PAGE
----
Now that the cherry blossoms have well and truly passed, a cavalcade of flowering plants start to flourish. What I am noticing in larger scale gardens like the Imperial Palace and the Kyoto Botanical Gardens are two varieties of tall, deciduous Magnolia with exquisitely large lily shaped flowers. The deep pink variety mokuren blooms before the foliage appears and the effect is akin to a tree full of butterflies. Surprisingly, it has been used in Chinese herbal medicine for more than 2000 years. It yields a pungent, warming sedative herb used to lower blood pressure, relieve pain and for its anti-fungal effect. Each flower typically has six petals. There is also a white variety haku mokuren which is also fragrant and is even more visually stunning enmasse with the tree appearing to be full of flickering white candles. Both the pink and white varieties are somewhat fragrant and so are not thought to be suitable as decorations for a small tearoom.
In many smaller scale residential gardens, I have also seen an evergreen shrub/small tree which is known as “lily-of-the-valley bush” or Japanese pieris asebi. The flowers are either white or dark pink and are elegantly gathered together in panicles up to 15cm long, looking like tiny brandy glasses. When established, the wood is used to make charcoal and selected branches are used as alcove posts tokobashira in traditional tearooms. The plant is poisonous and has a long history as it is mentioned in the 8th century poetry anthology Man’yō shu.
Also seen here and there particularly along small canals and alongside the Kamo river in Kyoto are the fresh green leaves of the Weeping Willow tree yanagi. In the Heian period (794-1185), in the Kokinshū (First Imperial waka poetry anthology, spring is heralded by the buds of the green willow and these buds aoyanagi which turn into flowers in the Spring symbolize new life. A waka poem from the Edo period (1600-1868) reads:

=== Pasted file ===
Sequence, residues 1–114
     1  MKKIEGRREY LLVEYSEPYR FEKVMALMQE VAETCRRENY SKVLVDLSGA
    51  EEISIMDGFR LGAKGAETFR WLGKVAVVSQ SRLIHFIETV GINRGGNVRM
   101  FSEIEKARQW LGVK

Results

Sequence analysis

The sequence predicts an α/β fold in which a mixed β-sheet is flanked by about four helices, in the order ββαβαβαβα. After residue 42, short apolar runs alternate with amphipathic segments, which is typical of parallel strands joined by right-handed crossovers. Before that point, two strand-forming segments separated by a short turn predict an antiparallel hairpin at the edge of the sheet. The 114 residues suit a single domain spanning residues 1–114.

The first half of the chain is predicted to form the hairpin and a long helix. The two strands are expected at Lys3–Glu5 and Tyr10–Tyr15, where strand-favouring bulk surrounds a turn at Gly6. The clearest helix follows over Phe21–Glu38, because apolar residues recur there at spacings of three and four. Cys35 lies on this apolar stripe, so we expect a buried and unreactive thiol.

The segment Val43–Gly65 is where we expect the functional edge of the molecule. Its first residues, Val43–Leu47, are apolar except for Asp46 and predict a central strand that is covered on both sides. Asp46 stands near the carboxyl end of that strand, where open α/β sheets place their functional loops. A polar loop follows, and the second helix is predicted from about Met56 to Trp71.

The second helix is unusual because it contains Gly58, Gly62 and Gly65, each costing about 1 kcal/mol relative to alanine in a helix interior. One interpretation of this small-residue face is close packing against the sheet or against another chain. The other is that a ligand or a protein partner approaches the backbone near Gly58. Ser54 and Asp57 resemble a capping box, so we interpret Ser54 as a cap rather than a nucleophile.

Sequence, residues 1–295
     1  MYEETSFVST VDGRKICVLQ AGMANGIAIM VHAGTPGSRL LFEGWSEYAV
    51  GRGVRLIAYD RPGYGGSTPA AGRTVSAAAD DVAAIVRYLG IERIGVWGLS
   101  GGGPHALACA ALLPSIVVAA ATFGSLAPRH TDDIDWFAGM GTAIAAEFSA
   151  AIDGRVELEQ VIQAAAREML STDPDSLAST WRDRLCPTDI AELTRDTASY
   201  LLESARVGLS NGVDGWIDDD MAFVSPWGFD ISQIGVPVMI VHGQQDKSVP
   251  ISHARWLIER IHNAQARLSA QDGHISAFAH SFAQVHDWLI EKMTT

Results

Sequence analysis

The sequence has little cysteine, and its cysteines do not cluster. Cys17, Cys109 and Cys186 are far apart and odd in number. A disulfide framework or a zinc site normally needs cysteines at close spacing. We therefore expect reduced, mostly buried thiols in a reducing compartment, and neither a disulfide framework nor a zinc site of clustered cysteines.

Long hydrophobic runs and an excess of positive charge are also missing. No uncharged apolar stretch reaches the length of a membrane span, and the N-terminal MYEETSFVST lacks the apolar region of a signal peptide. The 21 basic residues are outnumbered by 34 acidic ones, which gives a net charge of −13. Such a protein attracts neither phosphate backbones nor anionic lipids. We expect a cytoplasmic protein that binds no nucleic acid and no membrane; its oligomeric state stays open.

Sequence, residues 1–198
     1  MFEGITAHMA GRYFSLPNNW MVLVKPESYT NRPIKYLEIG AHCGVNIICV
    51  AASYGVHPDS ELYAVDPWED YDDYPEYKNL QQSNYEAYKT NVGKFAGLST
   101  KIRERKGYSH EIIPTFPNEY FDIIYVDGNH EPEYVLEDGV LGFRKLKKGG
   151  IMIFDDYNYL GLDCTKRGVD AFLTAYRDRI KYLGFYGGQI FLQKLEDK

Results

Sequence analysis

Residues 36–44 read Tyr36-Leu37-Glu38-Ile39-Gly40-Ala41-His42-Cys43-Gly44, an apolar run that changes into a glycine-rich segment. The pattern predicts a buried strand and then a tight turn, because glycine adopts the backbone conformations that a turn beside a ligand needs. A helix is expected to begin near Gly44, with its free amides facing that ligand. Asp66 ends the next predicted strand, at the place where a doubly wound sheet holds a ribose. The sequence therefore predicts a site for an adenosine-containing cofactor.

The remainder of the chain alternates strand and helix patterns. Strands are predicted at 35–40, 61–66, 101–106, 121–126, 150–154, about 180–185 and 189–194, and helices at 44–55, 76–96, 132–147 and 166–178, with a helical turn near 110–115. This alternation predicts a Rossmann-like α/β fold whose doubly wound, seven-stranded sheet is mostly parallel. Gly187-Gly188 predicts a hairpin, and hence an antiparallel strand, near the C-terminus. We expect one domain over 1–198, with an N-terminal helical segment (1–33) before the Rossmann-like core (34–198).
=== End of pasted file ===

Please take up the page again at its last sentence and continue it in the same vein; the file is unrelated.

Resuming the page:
“Is it the color of the wind that comes with the Spring- the threads of the green willow are dyed greener with each passing day.”
Thus we can see that the fresh green Willow with its thin new branches bending in the wind, has long evoked the coming of Spring.
The beginning of April from around the 5th announces another of the 24 seasonal points known as Seimei. It is said that the air has become clear and pure and the sky is bright at this time. The association for the thirteenth micro-season is when the swallows tsubame return. As one of approximately 350 species of wild bird in Japan, swallows have always featured as characters in medieval popular tales but tend to be absent in Imperial waka poetry anthologies. Therefore swallows are categorized as “commoner or popular” rather than “classical” birds. In fact, swallows tsubame are associated with familial love. Making its nest on house eaves and roof ridges, it was known for its ability to reproduce quickly (it mates twice and sometimes even three times in the summer). The swallow was also thought to be faithful to its mate (spending each year with the same partner) and to take care of its young. Thus it became a symbol of marital and familial harmony.